Returning to items in the first part of the concert, two Puccini arias paved the way to one of the best known pieces from Menotti’s The Consul.

In Mimi’s aria in Act III of La Bohème, ‘Donde lieta’, Bernice Austin, her voice occasionally lacking control at the top, caught much of the pathos and anguish that Mimi expresses.

Angelique MacDonald’s aria was Liu’s simple, poignant declaration of her faithful love for Calaf, in Turandot; clothed in pure white, she displayed a voice that was polished and carefully managed, though it thinned a little at the top; her soft notes were particularly affecting.

Menotti is more often represented by Monica’s aria in The Medium; but here, Christina Orgias sang ‘To this we’ve come’ from The Consul, one of the crisis points in the chilling story of bureaucratic indifference. The demands in intensity and emotional extremity she handled well (even if Menotti extends the experience a little excessively), following the meaning with her intelligent variation of dynamics and colour.

Another American work, much less familiar, was chosen by Bridget Costello: the 1956 opera, The Ballad of Baby Doe, by Douglas Moore. Her voice is not large, but she delineated her complex emotions in the letter scene with mature  insight, rather successfully.

Nineteenth century opera occupied the rest of the programme.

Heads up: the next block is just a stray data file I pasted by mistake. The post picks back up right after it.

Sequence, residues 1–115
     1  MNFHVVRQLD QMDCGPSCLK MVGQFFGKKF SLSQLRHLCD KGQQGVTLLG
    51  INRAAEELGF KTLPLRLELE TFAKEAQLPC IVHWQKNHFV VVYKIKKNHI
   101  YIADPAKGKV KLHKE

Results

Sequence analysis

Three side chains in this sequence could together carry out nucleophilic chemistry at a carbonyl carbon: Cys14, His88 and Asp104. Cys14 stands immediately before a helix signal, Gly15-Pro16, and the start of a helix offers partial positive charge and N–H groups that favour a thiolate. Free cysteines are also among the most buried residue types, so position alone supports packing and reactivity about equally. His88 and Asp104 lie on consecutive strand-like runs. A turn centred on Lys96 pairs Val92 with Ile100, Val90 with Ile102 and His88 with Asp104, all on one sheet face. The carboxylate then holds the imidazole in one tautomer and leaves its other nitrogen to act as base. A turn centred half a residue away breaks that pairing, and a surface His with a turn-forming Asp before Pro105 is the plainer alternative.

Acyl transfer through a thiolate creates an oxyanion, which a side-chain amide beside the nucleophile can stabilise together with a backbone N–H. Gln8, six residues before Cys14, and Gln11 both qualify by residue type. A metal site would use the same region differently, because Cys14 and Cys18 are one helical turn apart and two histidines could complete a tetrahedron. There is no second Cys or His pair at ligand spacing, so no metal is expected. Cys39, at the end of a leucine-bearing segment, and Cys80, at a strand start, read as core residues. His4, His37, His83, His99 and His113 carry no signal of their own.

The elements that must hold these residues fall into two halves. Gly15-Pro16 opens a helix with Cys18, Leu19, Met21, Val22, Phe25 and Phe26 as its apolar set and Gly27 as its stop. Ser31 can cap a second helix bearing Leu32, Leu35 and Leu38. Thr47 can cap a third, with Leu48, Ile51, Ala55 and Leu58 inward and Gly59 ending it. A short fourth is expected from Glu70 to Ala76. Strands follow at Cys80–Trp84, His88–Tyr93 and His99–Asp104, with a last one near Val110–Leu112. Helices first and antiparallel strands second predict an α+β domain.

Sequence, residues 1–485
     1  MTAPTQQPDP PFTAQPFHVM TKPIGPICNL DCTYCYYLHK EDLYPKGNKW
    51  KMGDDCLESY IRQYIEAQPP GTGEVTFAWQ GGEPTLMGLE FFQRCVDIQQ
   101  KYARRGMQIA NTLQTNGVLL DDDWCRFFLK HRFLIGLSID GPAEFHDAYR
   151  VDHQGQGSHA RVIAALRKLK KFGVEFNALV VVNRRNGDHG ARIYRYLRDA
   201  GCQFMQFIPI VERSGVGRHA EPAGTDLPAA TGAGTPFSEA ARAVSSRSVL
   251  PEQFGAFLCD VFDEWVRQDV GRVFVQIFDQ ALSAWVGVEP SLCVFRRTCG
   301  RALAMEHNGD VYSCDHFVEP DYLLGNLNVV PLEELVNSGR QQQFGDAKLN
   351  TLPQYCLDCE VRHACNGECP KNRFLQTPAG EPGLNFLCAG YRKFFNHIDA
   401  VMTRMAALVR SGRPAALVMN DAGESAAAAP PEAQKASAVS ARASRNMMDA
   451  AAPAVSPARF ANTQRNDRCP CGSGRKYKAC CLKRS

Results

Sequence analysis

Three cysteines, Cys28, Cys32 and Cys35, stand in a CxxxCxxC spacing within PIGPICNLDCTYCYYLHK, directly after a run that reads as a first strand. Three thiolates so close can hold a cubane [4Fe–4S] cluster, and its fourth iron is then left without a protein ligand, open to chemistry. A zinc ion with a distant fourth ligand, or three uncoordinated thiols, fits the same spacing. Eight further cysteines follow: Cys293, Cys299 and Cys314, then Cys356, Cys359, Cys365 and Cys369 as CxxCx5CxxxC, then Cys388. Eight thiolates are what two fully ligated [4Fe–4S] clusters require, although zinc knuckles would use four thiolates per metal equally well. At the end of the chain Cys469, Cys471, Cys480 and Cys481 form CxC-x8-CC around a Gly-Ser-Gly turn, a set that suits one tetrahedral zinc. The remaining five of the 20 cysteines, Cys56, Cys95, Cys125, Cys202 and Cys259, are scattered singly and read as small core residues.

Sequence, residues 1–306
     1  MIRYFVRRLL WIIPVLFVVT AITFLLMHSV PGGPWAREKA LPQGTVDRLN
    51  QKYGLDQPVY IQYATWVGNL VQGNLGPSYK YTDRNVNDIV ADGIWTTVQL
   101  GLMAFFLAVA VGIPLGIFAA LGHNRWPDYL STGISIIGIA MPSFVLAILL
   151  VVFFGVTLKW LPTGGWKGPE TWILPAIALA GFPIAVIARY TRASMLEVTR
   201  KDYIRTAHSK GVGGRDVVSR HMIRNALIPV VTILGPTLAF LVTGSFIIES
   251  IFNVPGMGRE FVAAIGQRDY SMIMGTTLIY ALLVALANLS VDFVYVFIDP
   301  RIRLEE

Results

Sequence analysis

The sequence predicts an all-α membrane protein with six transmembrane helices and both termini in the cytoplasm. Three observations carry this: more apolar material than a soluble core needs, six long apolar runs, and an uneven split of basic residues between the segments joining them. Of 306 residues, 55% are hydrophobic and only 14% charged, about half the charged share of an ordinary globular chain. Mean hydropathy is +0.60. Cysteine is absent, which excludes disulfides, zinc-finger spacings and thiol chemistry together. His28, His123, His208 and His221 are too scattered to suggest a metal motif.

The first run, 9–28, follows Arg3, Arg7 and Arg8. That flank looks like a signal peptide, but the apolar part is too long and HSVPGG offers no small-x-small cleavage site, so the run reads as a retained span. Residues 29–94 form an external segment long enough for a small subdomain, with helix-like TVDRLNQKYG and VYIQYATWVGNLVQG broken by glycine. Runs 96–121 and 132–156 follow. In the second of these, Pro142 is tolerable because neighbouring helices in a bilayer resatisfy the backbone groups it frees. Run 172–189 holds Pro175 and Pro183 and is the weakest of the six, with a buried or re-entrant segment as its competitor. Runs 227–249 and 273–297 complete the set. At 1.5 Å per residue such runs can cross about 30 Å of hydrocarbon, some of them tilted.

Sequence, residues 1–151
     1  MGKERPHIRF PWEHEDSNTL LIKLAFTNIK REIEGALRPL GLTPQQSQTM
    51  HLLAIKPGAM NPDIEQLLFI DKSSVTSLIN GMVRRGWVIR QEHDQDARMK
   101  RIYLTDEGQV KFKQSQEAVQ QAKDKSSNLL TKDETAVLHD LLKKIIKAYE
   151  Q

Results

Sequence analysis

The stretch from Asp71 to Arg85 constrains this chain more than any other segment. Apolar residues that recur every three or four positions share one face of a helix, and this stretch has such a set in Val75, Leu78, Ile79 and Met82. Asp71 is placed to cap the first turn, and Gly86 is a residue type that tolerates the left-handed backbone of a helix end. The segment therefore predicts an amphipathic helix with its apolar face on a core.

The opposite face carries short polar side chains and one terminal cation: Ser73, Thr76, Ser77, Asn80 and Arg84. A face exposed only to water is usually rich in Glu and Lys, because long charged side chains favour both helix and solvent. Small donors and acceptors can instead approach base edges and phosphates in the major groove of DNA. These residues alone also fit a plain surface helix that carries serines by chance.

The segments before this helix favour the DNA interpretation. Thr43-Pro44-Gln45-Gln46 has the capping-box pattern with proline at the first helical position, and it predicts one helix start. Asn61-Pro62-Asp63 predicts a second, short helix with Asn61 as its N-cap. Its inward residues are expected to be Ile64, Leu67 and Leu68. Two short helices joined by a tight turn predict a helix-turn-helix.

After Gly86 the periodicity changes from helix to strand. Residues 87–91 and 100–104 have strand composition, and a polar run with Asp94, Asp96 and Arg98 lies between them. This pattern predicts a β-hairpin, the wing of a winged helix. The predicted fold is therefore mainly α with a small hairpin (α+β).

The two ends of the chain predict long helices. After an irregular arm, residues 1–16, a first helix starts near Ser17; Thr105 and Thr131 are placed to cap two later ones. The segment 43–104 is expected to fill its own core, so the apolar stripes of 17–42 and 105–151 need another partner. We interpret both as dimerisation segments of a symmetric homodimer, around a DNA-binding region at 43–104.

The famous tenor aria, ‘Je crois entendre encore’, sung by Nadir in The Pearl Fishers was delivered by Oliver Sewell, lying on his back. That may have led to a slight nasal quality and to his voice thinning at the top, but it was an attractive and understanding performance.

Tom Atkins sang ‘Una furtiva lagrima’ from L’elisir d’amore; a promising tenor, though perhaps he didn’t quite capture its show-stopper character by overdoing the expressive intensity; for Nemorino, it represents a moment of wonderment, as he hardly dares to believe what he sees.

Also from the bel canto era was Rossini’s most famous female aria, ‘Una voce poco fa’ (The Barber of Seville), which Bianca Andrew sang with the help of a particularly witty accompaniment by Bruce Greenfield. (In addition to the pianists mentioned in the text, others contributed admirably: Iola Shelley, Greg Neil, Travis Baker, Grace Francis and Flavio Villani). Here was a very attractive mezzo voice that struck just the right balance between superb self-confidence and lovable charm. Hers is a voice that is even right across its range, and capable of varied colour, timbre and dynamics.

The concert ended as it had begun, with ensemble pieces from Candide: ‘Universal good’, and finally a further appearance by Amitai Pati and Emma Fraser as Candide and Cunegonde respectively, singing the classic cop-out finale, in ‘Make our garden grow’, instead of a more cynical and ethically realistic denouement.

In the circumstances, it was a heart-warming way to end a splendidly devised, produced and executed concert.

Tutors at the school were Professor Paul Farringdon (this was his seventh appearance), Margaret Medlyn, Barry Mora, Richard Greager, with Italian language tutor Luca Manghi and performance assistant Kararaina Walker.

Yet a tinge of sadness lingers, that so many gifted and accomplished singers (not to mention musicians in every other sphere) emerge from our universities and academies, to face such limited opportunities in professional music in their own country, let alone the rest of the world, faced with the utterly inadequate acknowledgement and support from the only realistic source of funding for the major performing arts – the Government.